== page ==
Community placement of such a volatile population has proven problematic and led to disagreements and instability within the agency. The consequences for the public at large can be more dire.
One DYRS ward, 19-year-old Demarco Myles, was arrested last month in connection with the violent sexual assault of two women within the same week, and Brian Jamal Ford, also a ward of DYRS, was recently convicted for attempted first-degree sexual abuse while armed with a gun.
The employee, Ed Williams, a former workforce development and academic specialist, declined to identify any specific DYRS wards, citing confidentiality laws. But he confirmed he had been complaining about the DYRS practice of leaving unspecified numbers of youth in community settings where their needs are unmet and where they pose a danger to others.
One of the complaints that may have resulted in his termination, Mr. Williams said, involves unspent workforce-development grants and what he describes as a practice of fudging numbers to satisfy grantors, such as the U.S. Department of Labor.
The issue also came up in a Sept. 17 memo from Mr. Graham to Mr. Gray’s office, in which the council member said roughly half of a $4.4 million Labor Department workforce-development grant awarded 18 months ago needed to be spent by the end of this year.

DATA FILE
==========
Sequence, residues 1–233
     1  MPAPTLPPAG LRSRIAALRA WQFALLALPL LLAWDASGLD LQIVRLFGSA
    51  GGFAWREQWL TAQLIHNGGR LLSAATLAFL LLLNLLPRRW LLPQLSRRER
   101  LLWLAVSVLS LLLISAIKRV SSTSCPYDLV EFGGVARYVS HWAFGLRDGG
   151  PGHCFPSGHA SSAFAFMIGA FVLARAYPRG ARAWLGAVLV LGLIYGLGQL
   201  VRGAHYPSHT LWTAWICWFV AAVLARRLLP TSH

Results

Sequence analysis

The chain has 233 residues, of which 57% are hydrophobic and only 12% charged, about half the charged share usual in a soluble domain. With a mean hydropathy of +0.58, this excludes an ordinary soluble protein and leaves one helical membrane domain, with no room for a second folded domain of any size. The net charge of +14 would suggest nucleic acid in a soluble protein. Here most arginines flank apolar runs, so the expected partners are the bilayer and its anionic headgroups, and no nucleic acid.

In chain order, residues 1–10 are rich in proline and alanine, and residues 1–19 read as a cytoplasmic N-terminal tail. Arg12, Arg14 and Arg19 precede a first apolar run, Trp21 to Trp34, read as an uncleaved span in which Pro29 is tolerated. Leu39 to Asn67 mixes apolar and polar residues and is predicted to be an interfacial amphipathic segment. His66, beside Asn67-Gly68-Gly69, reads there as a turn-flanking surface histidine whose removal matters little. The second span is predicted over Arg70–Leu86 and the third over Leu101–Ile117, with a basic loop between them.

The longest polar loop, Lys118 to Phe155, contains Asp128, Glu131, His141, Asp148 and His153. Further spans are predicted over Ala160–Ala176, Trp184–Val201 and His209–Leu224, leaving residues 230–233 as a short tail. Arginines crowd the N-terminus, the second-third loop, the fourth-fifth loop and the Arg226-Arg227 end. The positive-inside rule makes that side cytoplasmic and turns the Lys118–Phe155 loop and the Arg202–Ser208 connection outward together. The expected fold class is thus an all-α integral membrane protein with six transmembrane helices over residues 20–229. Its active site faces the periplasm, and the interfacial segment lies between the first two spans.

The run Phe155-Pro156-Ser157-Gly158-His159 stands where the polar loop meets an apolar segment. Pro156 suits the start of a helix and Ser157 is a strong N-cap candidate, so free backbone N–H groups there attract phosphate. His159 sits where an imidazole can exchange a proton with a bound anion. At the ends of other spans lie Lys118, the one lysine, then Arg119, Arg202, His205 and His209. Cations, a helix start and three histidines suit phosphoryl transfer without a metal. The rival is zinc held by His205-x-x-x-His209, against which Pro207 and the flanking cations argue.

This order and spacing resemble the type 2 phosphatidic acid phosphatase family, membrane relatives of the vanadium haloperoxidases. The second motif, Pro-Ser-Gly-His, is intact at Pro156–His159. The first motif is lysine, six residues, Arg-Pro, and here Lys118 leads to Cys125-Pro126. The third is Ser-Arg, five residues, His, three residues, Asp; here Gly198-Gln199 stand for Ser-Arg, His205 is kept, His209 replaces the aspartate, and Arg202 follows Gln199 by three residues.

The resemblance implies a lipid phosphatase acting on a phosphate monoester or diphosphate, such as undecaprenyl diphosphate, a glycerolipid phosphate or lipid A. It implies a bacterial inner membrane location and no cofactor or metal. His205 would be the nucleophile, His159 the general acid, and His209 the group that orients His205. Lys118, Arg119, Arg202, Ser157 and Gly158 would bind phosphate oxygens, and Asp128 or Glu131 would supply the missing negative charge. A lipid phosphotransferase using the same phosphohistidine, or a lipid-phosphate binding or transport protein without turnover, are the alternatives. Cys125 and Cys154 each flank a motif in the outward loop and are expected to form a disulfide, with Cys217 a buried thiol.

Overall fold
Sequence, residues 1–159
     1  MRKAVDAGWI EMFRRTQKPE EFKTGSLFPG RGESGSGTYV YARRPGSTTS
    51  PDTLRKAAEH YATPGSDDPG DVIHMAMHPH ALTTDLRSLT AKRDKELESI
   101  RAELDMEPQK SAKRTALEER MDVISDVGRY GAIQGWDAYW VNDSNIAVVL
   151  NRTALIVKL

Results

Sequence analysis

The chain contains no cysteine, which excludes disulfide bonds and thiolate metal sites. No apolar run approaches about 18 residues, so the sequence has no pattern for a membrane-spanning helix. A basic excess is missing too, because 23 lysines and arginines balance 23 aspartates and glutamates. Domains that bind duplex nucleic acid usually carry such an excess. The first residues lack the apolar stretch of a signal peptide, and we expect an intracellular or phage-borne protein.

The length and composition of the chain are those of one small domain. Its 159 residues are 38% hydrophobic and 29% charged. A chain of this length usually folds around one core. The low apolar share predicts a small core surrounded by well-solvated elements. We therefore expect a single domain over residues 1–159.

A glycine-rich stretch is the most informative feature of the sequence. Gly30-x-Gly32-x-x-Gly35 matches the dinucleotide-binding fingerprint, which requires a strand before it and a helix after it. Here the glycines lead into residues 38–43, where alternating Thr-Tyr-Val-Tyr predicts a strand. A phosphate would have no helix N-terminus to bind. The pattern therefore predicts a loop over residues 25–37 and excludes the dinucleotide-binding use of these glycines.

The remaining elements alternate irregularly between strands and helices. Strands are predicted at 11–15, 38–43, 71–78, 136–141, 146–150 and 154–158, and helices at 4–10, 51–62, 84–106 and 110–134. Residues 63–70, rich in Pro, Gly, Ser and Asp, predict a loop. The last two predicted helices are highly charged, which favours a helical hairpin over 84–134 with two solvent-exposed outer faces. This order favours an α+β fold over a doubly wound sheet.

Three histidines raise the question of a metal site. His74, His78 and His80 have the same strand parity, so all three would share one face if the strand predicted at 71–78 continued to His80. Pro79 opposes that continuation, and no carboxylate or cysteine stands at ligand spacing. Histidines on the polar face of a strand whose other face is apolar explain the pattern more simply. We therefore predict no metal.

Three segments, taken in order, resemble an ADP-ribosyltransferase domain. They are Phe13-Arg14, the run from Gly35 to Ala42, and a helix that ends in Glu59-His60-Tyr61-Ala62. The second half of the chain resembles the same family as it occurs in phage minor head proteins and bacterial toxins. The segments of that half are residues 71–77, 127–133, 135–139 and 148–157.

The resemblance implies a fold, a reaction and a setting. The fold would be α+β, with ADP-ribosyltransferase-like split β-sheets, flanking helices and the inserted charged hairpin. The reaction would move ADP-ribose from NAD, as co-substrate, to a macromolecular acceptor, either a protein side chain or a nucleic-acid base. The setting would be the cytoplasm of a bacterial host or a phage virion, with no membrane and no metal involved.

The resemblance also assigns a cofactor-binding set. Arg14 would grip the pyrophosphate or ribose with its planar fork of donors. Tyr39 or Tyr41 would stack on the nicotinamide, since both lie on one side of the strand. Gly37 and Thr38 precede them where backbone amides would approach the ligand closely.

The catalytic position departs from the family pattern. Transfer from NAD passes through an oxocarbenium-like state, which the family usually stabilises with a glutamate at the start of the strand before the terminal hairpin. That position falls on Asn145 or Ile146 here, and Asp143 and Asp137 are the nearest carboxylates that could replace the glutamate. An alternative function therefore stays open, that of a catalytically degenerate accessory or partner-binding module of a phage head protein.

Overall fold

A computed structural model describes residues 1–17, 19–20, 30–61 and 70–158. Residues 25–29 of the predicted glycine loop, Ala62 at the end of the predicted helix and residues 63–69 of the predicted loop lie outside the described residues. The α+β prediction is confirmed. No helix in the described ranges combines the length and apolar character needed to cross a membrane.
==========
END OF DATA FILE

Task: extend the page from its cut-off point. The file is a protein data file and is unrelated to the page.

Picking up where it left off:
“They let the kids take the tests with their books open, and they still couldn’t pass,” he said. “They let the instructors help and they still failed. Finally, they just passed them anyway. It’s an eight-week class, and they just starting fudging the results to try to burn through that grant money.
“I was very outspoken about my objections,” Mr. Williams continued. “The problem is trying to rehab these kids on the street. These services they are supposed to be getting are not working, and the [Council‘s] oversight committee is not managing the service providers.”
Asked about the documents obtained from his office and about the problems with DYRS in general, Mr. Graham’s office said the population of youths committed to DYRS has declined from 1,100 in January 2011 to 745 as of mid-October, and that the agency is pursuing stronger oversight of its community-based providers. The council member also pledged to monitor spending closely to ensure resources are properly directed toward rehabilitating committed youths.